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Odor sensor. U.S. patent 5,928,609, filed 7/14/1997, issued 7/27/1999 to T.D. Gibson et al., assigned to Bloodhound Sensors, Ltd. Describes an odor sensor which may be useful for discriminating between the odor of human or other mammalian individuals, and perimidine monomers and polymers which may be used in such a sensor. This sensor allows the user to discriminate between human individuals (or individuals of other mammalian species). A preferred sensor may incorporate display means adapted to provide a display characteristic of the signals from an individual. Such a display may be referred to as an odor profile. In a preferred aspect of the present invention the personnel recognition sensor is adapted to identify a human individual. The sensor may further include a memory adapted to store a library of odor profiles characteristic of particular individuals and means for comparison of the odor profile constituted by the multiplicity of signals from the sensor elements with an odor profile contained in the library. Standard pattern recognition techniques or a neural network may be adapted to retain characteristic features of the multiplicity of signals for incorporation into the library.
Method for conservatively evaluating continuous thermal treatment process for a particulate-containing food product stream. U.S. patent 6,015,231, filed 4/29/1999, issued 1/18/2000 to K. Swartzel and J. Simunovic, assigned to North Carolina State Univ. Describes a method of generating a residence time measurement of a particulate-containing food product while passing the product as a continuous stream through a thermal processing apparatus. The method includes the steps of inserting at least one detectable particle, and preferably many detectable particles, tagged with at least one magnetic implant into the stream at pre-selected intervals; detecting the implant using at least one sensor located at a detection point downstream from a location of the inserting of the detectable particle; determining a time of passage of the detectable particle in the stream using output from the sensor; and generating a residence time measurement for the stream using the time of passage for the detectable particle. The method also includes the use of multiple sensors for detecting the implants. A suitable system and detectable particle for carrying the method are also described.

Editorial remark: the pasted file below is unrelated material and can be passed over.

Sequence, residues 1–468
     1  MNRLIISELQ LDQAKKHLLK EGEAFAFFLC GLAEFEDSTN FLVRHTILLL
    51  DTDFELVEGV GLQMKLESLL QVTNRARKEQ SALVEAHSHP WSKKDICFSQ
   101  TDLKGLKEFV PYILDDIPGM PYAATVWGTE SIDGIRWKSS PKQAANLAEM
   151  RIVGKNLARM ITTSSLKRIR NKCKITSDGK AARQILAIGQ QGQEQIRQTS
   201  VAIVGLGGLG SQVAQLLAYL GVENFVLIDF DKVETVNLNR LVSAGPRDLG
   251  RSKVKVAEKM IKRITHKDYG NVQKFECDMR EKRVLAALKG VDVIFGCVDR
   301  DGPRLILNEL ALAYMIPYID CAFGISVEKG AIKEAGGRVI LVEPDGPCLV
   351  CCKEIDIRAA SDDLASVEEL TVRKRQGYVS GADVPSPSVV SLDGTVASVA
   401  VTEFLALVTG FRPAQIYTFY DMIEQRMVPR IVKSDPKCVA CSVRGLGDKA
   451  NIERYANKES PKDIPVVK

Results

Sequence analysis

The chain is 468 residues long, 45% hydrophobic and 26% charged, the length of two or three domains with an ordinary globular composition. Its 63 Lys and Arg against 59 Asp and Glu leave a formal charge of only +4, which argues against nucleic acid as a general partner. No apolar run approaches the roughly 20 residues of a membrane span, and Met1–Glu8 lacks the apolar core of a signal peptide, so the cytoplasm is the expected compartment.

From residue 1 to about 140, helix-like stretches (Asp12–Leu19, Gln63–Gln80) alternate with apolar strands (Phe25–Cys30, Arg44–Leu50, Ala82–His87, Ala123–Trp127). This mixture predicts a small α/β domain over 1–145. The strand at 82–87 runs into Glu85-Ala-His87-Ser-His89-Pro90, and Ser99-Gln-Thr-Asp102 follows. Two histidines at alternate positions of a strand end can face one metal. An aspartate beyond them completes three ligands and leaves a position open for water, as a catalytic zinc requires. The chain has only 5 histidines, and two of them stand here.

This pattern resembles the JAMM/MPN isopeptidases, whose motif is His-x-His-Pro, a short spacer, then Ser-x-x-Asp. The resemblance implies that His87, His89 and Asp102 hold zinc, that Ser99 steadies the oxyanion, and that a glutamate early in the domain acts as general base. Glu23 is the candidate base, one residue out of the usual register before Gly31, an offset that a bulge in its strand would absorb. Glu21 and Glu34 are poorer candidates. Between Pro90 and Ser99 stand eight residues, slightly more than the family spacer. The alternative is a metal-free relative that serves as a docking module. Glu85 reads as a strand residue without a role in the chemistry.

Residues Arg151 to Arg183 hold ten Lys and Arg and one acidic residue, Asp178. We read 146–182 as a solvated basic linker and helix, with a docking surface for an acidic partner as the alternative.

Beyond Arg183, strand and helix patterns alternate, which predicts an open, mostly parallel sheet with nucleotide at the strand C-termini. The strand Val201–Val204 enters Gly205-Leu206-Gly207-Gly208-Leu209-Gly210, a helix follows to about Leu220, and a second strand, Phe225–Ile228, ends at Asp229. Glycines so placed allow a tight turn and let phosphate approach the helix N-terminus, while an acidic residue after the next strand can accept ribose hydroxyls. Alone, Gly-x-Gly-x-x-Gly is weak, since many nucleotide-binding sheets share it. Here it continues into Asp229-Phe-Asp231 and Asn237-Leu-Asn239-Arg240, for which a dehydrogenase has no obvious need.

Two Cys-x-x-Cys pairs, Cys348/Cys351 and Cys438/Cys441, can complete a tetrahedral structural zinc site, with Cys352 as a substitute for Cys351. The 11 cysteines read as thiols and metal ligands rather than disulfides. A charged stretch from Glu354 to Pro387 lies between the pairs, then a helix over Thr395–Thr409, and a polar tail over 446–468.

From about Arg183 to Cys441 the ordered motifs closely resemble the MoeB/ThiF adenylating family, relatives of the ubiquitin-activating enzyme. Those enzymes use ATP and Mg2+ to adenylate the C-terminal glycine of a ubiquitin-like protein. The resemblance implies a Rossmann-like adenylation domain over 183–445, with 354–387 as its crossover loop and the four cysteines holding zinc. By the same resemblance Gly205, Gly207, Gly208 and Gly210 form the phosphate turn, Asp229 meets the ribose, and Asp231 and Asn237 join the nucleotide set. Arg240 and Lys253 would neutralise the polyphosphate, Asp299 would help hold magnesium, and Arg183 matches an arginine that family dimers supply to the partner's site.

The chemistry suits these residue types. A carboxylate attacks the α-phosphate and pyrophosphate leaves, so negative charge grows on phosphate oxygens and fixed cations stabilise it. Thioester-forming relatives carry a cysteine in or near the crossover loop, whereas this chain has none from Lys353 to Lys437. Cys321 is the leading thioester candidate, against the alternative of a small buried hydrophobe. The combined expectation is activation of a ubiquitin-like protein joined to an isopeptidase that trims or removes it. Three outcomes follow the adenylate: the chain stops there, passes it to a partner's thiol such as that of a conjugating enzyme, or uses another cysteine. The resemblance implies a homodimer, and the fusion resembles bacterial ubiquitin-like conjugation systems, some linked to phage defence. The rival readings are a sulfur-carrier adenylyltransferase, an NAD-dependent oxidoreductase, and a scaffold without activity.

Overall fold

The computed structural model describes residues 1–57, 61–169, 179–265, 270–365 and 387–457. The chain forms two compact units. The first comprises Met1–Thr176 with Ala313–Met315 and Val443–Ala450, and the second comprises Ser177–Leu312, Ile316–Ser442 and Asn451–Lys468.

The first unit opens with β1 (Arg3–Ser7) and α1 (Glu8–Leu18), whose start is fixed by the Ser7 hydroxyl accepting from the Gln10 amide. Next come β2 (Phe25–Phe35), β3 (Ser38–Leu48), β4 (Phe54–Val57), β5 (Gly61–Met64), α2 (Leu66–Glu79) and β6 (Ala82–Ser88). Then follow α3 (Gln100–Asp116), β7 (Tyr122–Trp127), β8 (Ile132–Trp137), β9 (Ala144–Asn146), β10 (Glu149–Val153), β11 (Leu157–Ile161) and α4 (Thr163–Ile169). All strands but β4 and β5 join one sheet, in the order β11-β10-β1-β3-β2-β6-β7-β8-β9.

Reflection measuring device and method for determining quality properties of items, particularly fat-containing items. U.S. patent 6,014,222, filed 9/24/1998, issued 1/11/2000 to C. Borggaard et al., assigned to Slagteriernes Forskningsinstitut. Describes a reflection measuring device for determining quality properties of items. It consists of a measuring head with a housing which is optically open in one side. The housing is designed to be placed on the item requiring measurement of the reflection factor, with the open side turned towards the surface of the item. The system comprises filter elements each positioned adjacent to the other end of one or more of the optical fibers, each permitting passage of near infrared light in a predetermined wavelength range. The device is suitable for the on-line determination of the unsaturated fat content in the fatty tissue of carcasses or meat cuts conveyed on a slaughter or production line. On the basis of the unsaturated fat content, the device determines the consistency type of the fatty tissue (firm, normal or soft fatty tissue).
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Products & Literature
MOISTURE ANALYZERS, the MA50, the MA100, and MMA30, are said to combine speed with flexibility. By using patented microwave technology, the MMA30 can deliver results in less than 50 sec, with a reproducibility of between 0.03 and 0.4% depending on the sample. On the MA50 and MA100, the heating unit can be changed to suit a particular application. For example, the ceramic radiator is ideal for uniform heating and prevents the overheating of specific areas of a sample. Whilst the alternative choice of a halogen lamp unit provides the flexibility of an easy-to-regulate heat source. For more information, contact Sartorius Ltd., Longmead, Blenheim Rd., Epsom, Surrey, KT19 9QN, England (phone 01-372-737-100)—or circle 370.